15 August 2013

Sustainable

Welcome to the August 2013 Natural Living Blog Carnival: Living Sustainably. This post was written for inclusion in the monthly Natural Living Blog Carnival hosted by Happy Mothering and The Pistachio Project through the Green Moms Network. This month, our members are talking about steps their families have taken, or hope to take, to live more sustainably. We hope you'll find inspiration for your family's journey towards sustainable living, and share your tips with us as well!
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We humans are a highly successful species, we have utilised the earths resources far more than any other species and we dominate the food chain and the planet.  If we carry on doing so at the rate we are I wonder how long we as a species will last and what it will do to the earth's resources.  If we are to ensure that they are around for future generations to make use of we need to be wise in our usage, but how do we measure what is wise.

Forty years ago recycling was virtually unheard of in the way it is now, there were not recycling banks or places to take materials that could be reused, repurposed or recycled.  Forty years ago consumption was totally different.  Promoting recycling is a great idea in principle, if it means that less raw resources are used up then it should be a winner but is it not actually better to buy less, just what we need rather than what we want. In our consumer driven societies this does not sit well.  We do recycle as much as it is possible to, to the extent that we only put a rubbish bag out for collection every six to eight weeks but we are also mindful shoppers.  We only buy what we need and we are conscious of packaging when we do purchase, especially food.  We don't buy clothes that are only worn once, we make careful purchases which will last many years.

The food we eat is not only purchased with packaging in mind but also the season.  I remember as a child what a treat it was to eat oranges at Christmas time, this was the only time they were available to buy in the shops in the northern hemisphere.  Similarly strawberries were only available in the summer, apples in the autumn now we can buy all these products and more all year round.  They are shipped, air freighted and driven hundreds of miles around the world before they get to our door.  We grow as much as we can on our small patch of land, this provides us with a small amount of vegetables and fruit for some weeks in the summer and autumn.  What we cannot grow we have delivered from a local farm co-operative once a week.  We look forward to the change in the seasons and the new fruit and vegetables that this brings.  The rest of the food we buy is bought in a local town, we use small independent shops as much as possible and buy as locally produced food as much as possible.  I write a menu for our lunches and suppers based on the vegetables we have in the garden and delivered.  Our food shop is based on the ingredients to cook the menu and we have virtually no food waste as we don't buy anything we don't need, we are not tempted by the reduced bargains unless it is something on our shopping list.  I cook every meal from scratch with mostly raw ingredients, we do buy a few processed items such as pasta and mustard.  We are mostly vegetarian, I am but the rest of my family do eat some meat, what meat we do buy is always direct from the farmer at a market.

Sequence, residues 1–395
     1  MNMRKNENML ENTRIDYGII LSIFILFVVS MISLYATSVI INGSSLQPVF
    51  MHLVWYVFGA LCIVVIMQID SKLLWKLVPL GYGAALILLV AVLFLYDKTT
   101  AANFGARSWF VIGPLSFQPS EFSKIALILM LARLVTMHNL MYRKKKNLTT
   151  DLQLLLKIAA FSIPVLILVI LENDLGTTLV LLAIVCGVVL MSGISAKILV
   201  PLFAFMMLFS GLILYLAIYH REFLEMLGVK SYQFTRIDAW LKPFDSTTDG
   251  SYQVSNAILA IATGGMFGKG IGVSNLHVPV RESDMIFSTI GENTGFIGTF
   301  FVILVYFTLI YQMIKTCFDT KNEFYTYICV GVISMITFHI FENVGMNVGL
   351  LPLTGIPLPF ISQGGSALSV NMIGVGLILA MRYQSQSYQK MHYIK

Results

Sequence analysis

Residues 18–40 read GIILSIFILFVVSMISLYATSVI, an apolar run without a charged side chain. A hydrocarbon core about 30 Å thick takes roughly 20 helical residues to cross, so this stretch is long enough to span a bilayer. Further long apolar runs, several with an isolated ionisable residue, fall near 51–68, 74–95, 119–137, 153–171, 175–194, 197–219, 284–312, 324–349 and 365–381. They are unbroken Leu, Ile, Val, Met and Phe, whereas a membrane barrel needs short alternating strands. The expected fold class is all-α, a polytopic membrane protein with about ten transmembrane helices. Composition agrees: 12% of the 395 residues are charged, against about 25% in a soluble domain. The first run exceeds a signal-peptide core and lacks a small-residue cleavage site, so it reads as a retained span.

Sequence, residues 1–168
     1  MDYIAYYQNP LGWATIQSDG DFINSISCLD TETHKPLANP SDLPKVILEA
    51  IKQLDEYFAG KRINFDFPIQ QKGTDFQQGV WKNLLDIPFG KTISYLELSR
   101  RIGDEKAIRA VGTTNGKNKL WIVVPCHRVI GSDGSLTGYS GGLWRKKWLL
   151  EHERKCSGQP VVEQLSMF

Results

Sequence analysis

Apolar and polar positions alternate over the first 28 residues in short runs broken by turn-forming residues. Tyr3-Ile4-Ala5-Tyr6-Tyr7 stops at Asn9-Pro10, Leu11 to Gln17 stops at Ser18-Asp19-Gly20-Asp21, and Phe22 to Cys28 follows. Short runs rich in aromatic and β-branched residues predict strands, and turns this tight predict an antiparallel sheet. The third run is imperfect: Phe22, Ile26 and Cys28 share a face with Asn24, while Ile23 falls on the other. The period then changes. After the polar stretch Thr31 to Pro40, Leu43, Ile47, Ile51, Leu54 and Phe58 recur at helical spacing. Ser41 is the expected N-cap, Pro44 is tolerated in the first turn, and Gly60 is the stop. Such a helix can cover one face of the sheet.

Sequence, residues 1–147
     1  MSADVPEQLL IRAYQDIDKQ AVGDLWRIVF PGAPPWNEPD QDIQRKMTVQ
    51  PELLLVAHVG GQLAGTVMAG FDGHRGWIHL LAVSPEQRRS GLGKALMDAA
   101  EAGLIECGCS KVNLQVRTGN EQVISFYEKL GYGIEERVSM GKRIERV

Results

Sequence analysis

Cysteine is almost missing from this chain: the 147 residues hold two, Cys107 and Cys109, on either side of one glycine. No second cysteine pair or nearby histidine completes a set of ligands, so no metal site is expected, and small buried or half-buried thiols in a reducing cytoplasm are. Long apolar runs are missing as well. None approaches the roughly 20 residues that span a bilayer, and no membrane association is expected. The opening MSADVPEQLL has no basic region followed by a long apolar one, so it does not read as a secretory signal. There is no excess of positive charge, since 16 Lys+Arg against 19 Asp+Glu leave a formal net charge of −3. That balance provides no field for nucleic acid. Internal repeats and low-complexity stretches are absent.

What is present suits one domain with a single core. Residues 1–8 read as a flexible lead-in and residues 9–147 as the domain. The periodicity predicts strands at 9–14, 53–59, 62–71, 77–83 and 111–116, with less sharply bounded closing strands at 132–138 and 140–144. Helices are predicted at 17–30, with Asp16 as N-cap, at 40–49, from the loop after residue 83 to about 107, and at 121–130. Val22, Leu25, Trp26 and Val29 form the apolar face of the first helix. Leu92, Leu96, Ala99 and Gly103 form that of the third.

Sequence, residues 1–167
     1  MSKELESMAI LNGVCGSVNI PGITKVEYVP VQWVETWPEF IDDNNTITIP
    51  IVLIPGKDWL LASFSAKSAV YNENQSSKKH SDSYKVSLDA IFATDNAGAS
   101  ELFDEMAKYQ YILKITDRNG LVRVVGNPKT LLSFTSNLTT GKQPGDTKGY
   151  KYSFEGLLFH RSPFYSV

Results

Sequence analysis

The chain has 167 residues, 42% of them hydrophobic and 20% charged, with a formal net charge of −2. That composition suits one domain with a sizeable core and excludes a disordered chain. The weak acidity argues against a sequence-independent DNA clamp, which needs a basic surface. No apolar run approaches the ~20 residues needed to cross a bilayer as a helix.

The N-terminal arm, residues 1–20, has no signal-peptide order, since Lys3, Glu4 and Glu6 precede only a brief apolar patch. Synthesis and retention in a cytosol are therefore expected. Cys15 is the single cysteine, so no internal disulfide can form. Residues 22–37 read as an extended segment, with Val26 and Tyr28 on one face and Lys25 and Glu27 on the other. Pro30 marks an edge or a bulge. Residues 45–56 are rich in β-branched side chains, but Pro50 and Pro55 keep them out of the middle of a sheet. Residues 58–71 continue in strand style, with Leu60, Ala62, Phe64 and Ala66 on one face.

When we moved into our house over ten years ago it was the middle of a very cold winter.   We had a basic central heating system that relied on a open coal fire being lit to warm the rest of the house which took some heating as it was poorly insulated.  Our coal bill was really high that first winter and we knew we needed to do something about it to reduce the cost and our reliance on coal.  We replaced the open fire with a wood burning stove which we heat with scavenged wood, branches that have fallen from trees, in our local area.  We have installed solar water panels to heat our water, and improved on the insulation in our house in the cavity walls, the loft and under the floors.  We also have a gas boiler which we rarely use.  We have a warm and cosy house and very, very low energy bills.  We would love to take our house off grid one day by installing a wind turbine we are in the process of researching this to work out our options particularly for storing energy for the (rare) windless days.